The Year in Review—CIDM 2012

JoAnn Hackos, Comtech Services, Inc.

CIDM in 2012 had a record year. We hosted three international conferences—Content Management Strategies/DITA North America in April, Best Practices in September, and Content Management Strategies/DITA Europe in November. Attendance was up at every event, with participation by 600 people from 21 countries.

In 2012, as we do each year, the Advisory Council held a series of web-based meetings with the members in small groups and individually when members renew their memberships or join for the first time. From these conversations, we learned that CIDM members

  • Continue to invest in content management solutions and the DITA standardTwo members asked us to review their homegrown implementations and evaluate their effectiveness and efficiency next to the DITA standard and DITA-compliant CMSs. The review will help them decide on a best course of action.Many managers are looking into DITA implementation as a way of managing content more efficiently and reducing costs.
  • Are challenged to invest in new media and mobile devicesThe rate at which information developers are moving to video production and publishing for mobile devices has surprised me. A year ago, it seemed that these investments would be slow in coming. 2012 changed the picture, perhaps because the innovators were demonstrating that customers respond well to new ways of finding and using content.
  • Are learning that their customers want solutions-based information rather than descriptions of product features and functionsMore than 20 years ago, I delivered to many groups a talk titled, “Stop Writing Documentation and Start Working for the Customer.” I’ve always been discouraged by the emphasis in much traditional content on descriptions of product features and functions, accompanied by tasks that explain their use. I finally feel vindicated. Many more information developers appear to be investigating their customers’ goals and their need for scenarios of use, often referred to as solutions-based information development. In 2012, I learned of many more teams that were pursuing this new approach, which often requires a significant culture change among the team members.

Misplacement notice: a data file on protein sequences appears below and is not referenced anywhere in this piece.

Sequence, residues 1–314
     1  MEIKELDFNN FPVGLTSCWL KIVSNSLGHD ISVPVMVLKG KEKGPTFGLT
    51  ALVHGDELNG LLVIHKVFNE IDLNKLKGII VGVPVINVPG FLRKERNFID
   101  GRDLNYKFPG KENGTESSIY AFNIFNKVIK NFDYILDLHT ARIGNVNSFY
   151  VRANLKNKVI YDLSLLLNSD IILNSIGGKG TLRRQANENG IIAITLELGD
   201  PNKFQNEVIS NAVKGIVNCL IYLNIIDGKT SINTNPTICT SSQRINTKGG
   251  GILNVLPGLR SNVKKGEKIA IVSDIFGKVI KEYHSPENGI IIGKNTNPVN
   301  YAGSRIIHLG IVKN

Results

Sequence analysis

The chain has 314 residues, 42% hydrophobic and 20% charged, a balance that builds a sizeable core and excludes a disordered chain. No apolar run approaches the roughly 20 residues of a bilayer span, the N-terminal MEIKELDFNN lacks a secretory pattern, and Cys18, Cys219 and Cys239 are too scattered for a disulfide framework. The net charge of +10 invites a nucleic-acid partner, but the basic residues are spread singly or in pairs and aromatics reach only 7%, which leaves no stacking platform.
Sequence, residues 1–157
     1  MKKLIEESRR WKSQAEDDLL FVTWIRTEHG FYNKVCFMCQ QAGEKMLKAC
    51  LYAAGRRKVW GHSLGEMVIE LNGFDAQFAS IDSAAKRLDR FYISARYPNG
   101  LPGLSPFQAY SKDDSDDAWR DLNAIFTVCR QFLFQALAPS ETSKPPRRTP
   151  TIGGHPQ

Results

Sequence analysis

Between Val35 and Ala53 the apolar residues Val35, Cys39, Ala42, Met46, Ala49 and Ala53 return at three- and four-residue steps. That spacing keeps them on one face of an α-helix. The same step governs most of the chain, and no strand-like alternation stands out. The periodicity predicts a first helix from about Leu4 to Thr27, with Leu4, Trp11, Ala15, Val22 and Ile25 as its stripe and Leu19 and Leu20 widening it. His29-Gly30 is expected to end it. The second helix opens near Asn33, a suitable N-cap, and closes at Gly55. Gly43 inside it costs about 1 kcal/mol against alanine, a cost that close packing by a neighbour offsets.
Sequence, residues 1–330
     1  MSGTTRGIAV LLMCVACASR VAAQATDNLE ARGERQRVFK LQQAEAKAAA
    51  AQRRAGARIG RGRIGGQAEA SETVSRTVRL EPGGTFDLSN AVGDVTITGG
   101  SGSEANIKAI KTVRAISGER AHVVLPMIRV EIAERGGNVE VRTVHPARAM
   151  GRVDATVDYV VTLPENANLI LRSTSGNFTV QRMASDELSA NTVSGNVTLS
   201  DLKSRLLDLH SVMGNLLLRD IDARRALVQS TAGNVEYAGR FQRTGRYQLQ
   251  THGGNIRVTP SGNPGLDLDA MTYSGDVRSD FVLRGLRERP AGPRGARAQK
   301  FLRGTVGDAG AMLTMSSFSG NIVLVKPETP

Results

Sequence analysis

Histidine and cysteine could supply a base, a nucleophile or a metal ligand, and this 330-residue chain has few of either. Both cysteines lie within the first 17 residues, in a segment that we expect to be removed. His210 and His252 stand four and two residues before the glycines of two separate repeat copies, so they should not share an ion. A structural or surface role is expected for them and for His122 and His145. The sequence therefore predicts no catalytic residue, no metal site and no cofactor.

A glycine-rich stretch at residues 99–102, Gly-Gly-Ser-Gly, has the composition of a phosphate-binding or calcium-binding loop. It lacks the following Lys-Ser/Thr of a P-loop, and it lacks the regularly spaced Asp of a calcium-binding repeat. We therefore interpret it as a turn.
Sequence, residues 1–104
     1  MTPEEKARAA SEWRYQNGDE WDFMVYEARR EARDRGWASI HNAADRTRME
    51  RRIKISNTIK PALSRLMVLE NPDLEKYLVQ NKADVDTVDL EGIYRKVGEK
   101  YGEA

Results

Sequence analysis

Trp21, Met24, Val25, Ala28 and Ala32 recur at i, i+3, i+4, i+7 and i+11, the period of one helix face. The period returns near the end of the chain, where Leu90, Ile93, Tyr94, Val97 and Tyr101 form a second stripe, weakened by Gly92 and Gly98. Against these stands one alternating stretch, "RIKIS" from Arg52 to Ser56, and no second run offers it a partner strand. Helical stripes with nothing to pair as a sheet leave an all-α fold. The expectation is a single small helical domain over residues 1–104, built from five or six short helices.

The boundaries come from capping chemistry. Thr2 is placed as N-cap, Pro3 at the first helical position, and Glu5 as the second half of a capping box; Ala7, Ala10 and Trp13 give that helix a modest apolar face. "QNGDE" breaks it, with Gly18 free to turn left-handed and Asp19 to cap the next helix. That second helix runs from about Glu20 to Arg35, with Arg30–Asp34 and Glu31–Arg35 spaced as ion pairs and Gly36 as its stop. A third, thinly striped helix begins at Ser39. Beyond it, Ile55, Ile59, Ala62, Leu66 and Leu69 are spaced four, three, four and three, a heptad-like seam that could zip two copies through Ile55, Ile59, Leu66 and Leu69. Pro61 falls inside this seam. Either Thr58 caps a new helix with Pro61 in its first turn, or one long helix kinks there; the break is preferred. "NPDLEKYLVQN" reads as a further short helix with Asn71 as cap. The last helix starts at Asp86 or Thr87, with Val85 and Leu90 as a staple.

• Need to learn more than ever how to use measurements to present their business plans to senior managementWe focused at the 2011 Best Practices conference on measurements, through the insights of our guest speaker, Douglass Hubbard. In 2012, we continued the focus with more presentations of the value of knowing the numbers associated with our businesses. But, we’re definitely not done with this topic until we get every manager to establish a dashboard of valuable measurements to describe the functioning of an organization. It still feels like a crusade but we’re committed at CIDM to giving our members an MBA in information development.
  • Are aware of the need to factor in Search Engine Optimization when designing topics and topic metadataFor a long time, information-developers have told me that they have no influence on their corporate websites. They know that customers cannot find the information they need, but they have been hamstrung by IT professionals who manage the sites and appear reluctant to make improvements. That situation appears to be changing, largely driven by the improvement in browser-based search engines. Customers expect corporate sites to operate in the same way as Google searches. Consequently, information developers are working to understand how best to deliver content. They are considering a network of topics rather than monolithic PDFs. They are interested in adding metadata to support better searches. And they are beginning to understand that the way they write content, especially titles and short descriptions, has an affect on the findability of the content.